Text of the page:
The defendant likens his case to State v. Jones, 2009 WL 17934 (N.J.Super.Ct.App.Div.2009), in which, during a custodial interrogation, the defendant “asked numerous times why he was arrested without receiving an answer from the detectives.” Jones, 2009 WL 17934, at *1. As one of the detectives began reading the defendant his Miranda rights, the defendant invoked his right to counsel. Id. The detective then stated, “ ‘Okay, now, I can't answer you, ‘ “ and he and the other detective present left the room. Id. They returned shortly and one detective “told defendant he was being charged with attempted murder, but stated they could not talk to him since he had asked for an attorney.” Id. In upholding the suppression of the defendant's subsequent statements, the Jones court noted:
It seems clear to us that the strategy employed by the investigators was designed to provoke the response that actually occurred, i.e., defendant became agitated and asked what the case was about. The officers dangled the specter of defendant's prior invocation of his rights as an impediment to any further information, and recited for a second time the Miranda rights from the form card, this time securing defendant's answers and signature.
Id. at *6.
We do not find Jones as similar as the defendant contends. First, this case does not present the issue of the detectives' failure to “scrupulously honor” the defendant's invocation of his rights by reinitiating a conversation with him. Id. at *5. In addition, here, the defendant was informed of the charges against him. The trial court found that the defendant was asked, in Bernard's initial call to him, to come to the police station to discuss allegations against him of sexual abuse. The court found that he also was told, prior to waiving his Miranda rights, that he was being charged with aggravated felonious sexual assault.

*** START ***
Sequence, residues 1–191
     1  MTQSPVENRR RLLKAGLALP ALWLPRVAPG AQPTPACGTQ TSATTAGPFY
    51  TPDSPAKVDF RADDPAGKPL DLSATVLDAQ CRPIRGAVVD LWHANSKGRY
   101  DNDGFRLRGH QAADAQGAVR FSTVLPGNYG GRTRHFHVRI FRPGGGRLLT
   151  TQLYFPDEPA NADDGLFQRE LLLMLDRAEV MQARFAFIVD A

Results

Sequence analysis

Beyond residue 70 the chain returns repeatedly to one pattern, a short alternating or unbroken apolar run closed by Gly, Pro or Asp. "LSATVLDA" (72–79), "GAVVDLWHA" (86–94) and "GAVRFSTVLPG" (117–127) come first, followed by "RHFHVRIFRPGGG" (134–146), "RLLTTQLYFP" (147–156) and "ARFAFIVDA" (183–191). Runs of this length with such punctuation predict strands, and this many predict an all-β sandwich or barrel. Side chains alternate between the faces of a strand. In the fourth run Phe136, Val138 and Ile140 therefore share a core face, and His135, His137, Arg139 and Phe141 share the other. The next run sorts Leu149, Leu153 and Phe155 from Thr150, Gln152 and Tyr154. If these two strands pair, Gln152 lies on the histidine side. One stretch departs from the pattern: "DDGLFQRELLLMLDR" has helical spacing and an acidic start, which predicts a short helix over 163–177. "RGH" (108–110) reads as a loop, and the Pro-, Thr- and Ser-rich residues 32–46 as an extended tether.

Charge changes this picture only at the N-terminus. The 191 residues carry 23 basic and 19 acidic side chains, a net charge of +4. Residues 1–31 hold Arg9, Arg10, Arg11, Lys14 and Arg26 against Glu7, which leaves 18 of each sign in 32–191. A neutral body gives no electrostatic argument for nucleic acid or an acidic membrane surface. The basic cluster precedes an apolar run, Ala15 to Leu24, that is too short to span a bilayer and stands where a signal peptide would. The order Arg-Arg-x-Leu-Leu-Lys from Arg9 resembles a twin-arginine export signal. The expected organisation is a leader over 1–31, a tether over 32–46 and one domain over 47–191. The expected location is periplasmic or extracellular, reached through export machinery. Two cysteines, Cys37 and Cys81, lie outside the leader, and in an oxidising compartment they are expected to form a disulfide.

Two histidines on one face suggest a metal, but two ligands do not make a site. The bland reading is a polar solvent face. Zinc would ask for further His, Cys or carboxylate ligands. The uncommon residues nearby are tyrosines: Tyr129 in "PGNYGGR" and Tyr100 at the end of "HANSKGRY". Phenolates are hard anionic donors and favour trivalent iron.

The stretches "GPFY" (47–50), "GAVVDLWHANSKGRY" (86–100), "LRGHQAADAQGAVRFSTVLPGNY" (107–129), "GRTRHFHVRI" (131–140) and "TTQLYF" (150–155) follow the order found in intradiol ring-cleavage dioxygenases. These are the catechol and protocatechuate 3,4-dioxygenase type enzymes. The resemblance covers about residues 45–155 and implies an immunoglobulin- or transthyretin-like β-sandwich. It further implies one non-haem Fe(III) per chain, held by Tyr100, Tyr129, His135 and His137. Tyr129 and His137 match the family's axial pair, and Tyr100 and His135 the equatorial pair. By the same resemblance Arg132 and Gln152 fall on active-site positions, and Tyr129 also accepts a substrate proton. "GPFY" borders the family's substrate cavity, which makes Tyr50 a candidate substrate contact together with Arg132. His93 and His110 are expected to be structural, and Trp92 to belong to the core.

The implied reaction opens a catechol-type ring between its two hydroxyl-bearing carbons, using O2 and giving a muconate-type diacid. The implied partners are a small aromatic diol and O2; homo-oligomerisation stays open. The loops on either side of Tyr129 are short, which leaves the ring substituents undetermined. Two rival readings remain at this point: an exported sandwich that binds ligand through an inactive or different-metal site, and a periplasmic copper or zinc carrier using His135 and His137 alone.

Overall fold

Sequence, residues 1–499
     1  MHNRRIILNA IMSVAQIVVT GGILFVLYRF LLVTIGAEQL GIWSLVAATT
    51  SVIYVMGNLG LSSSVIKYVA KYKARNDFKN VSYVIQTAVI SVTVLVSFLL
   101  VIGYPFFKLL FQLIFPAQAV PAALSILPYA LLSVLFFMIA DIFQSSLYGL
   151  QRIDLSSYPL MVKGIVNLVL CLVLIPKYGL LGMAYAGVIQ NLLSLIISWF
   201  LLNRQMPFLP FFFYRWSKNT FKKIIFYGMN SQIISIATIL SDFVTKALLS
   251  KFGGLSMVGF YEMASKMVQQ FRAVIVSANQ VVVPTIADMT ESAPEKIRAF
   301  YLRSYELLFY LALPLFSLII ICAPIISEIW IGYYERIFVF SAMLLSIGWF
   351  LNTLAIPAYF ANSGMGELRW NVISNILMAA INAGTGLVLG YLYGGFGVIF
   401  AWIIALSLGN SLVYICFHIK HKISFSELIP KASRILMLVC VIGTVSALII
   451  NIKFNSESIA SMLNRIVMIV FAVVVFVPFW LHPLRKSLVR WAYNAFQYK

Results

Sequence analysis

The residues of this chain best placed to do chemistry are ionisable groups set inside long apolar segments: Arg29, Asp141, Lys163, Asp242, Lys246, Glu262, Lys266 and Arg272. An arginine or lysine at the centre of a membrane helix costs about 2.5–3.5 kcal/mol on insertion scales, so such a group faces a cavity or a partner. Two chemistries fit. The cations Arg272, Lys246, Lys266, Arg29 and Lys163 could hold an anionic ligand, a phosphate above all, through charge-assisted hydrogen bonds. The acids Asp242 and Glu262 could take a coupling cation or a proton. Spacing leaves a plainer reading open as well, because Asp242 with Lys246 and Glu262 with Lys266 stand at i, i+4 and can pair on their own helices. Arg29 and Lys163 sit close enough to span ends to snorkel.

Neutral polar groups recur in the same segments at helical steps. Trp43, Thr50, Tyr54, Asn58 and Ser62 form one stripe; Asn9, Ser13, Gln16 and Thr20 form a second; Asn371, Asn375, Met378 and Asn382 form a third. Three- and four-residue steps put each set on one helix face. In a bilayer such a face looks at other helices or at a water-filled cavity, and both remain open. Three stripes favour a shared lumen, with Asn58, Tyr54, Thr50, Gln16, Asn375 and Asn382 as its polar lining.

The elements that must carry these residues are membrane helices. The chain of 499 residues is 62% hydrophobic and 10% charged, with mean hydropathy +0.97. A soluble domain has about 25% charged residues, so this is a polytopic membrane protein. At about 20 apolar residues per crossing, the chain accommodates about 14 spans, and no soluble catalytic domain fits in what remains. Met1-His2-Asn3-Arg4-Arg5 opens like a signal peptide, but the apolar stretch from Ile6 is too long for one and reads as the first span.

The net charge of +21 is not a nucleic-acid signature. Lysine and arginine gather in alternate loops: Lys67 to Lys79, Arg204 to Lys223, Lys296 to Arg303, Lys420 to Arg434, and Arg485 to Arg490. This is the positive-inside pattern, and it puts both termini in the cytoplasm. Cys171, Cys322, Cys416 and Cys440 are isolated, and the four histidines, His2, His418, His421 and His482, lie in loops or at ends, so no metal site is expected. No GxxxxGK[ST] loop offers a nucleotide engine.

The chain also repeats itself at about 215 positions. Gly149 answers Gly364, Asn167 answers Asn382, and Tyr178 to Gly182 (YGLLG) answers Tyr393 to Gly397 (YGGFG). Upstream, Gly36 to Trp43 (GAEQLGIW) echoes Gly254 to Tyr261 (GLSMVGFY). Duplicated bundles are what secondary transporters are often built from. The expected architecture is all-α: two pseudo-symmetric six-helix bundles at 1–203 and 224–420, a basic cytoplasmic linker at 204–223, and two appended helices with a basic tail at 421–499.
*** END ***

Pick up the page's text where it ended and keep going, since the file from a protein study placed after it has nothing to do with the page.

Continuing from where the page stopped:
What the detectives declined to do, however, was to discuss the allegations any further without first having obtained a signed Miranda waiver. The defendant paints this as coercive, arguing that the detectives “told [him] that they would provide information about the accusation if and only if he agreed to waive his Miranda rights,” despite his repeated expressions of “frustration that he did not know why he had been arrested.” The record, however, does not bear out this characterization. The videotaped recording of the interview shows that the defendant asked what the charges against him were and Bernard's response – though interrupted briefly by the defendant himself – was that he was charged with aggravated felonious sexual assault. Subsequently, while the detectives were encouraging the defendant to tell his side of the story, he commented “yeah, ‘cause I have no idea what the allegations are, or what they're for, or anything like that.” He was not agitated and did not appear to be asking for a response. Bernard deflected the comment, stating they could not “really get into that,” to which the defendant responded, “[N]o, I understand.” Donahue then interjected “unless you want to talk about it,” but that was followed by statements from both detectives that the defendant did not have to answer if he did not want to do so and could stop at any time. At no time during the interview was the provision of information about the charges conditioned, in any way that could be characterized as coercive, upon the defendant's waiver of his Miranda rights.
The defendant also argues that it was deceptive for the detectives to tell him that they could not “really get into” the allegations against him “unless [he] want[ed] to talk about it,” because that was a misstatement of the law. He contends that “contrary to [the detectives'] representation, nothing prohibited the police, even without a Miranda waiver, from providing basic information about the charge, such as the identity of the accuser, in response to [his] requests.”
We note again that the only request the defendant made – to be advised of the charges against him – was satisfied. The defendant did not specifically ask for the name of the accuser or any other information about the charges. Thus, the defendant's observation that “[c]ourts have held that a police officer's response to certain inquiries by the defendant does not constitute interrogation,” State v. Spencer, 149 N.H. 622, 625 (2003), is beside the point.
The State contends that it was “only prudent” for the detectives to decline to provide details about the allegations because “an officer who reveals details of the accusations against the defendant may be deemed to have effectively interrogated him.”
Interrogation for Miranda purposes occurs where a person in custody is subjected to either express questioning or its functional equivalent. The functional equivalent of interrogation includes any words or actions on the part of the police (other than those normally attendant to arrest and custody) that the police should know are reasonably likely to elicit an incriminating response from the suspect.
Spencer, 149 N.H. at 625 (quotations and citation omitted).